Sometimes, rarely, the answer to a persistently aggravating problem serendipitously reveals more than one winner. That seems to be the case with Bakersfield's infuriating (and thus far losing) battle with litter along local freeways.
The California Department of Transportation and local officials are working to firm up the details on a plan to hire residents of the Bakersfield Homeless Center to perform the cleanup work that inmates from the Shafter Community Correctional Facility once did. The agreement that had inmates working along the side of Highways 58 and 99 ended in 2011. Despite the efforts of Mayor Harvey Hall and many others, the cans, bottles and fast-food wrappers have been accumulating ever since.
The new arrangement, if it comes to be, makes winners out of Caltrans, which has taken a lot of heat over the litter problem, the city of Bakersfield, which would collect $260,000 a year for two years in the deal, and the residents at the Bakersfield Homeless Center, who could earn money and restore a sense of participation in community that many of them might have lacked due to their difficult circumstances.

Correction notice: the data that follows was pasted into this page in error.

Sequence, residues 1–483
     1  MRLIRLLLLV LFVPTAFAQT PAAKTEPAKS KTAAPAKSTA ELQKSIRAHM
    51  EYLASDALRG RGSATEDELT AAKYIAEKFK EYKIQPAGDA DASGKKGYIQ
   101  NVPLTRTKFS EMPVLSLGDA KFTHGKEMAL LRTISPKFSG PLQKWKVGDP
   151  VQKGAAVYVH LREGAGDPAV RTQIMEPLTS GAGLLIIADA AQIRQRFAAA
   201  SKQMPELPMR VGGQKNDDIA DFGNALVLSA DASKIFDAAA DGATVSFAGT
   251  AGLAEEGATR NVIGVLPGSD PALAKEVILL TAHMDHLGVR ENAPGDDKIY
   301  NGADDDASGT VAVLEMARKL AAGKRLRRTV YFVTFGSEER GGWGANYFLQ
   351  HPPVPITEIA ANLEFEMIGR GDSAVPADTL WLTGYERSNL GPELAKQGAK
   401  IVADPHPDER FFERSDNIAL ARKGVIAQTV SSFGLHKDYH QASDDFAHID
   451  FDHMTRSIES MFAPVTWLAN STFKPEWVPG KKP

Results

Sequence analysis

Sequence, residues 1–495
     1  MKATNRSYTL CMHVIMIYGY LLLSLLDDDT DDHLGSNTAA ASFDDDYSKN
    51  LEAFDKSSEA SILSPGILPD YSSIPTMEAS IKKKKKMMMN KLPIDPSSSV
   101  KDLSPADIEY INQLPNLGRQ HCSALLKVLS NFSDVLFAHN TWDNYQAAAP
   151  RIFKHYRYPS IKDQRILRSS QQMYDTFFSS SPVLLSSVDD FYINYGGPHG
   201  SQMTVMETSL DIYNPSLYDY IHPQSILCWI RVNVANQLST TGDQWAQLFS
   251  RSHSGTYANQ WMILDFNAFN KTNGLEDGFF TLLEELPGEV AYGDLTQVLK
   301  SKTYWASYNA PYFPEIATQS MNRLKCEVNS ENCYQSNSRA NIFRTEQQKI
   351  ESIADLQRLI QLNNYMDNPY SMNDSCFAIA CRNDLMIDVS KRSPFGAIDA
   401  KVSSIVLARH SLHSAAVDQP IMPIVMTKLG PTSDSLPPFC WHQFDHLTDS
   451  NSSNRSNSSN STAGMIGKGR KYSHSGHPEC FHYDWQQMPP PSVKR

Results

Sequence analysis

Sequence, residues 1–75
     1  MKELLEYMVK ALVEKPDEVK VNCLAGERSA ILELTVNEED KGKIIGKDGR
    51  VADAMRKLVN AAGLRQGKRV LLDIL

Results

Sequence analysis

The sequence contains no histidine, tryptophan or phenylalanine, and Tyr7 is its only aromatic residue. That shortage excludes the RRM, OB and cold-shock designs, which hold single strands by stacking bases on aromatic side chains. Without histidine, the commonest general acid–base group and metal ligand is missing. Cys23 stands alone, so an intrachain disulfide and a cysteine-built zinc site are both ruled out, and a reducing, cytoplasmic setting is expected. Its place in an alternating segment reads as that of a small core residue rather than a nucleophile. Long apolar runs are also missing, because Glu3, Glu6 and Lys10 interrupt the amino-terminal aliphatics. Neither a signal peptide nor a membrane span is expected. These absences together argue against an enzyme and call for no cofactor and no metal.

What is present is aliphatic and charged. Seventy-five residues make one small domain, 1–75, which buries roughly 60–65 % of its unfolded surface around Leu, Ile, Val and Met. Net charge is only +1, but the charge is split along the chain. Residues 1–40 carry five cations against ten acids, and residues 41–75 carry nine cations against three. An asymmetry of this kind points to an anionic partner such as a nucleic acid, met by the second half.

There's nothing serendipitous about leaders rolling up their sleeves and committing themselves to solutions, of course. That's just plain hard work. And for that, we should be grateful.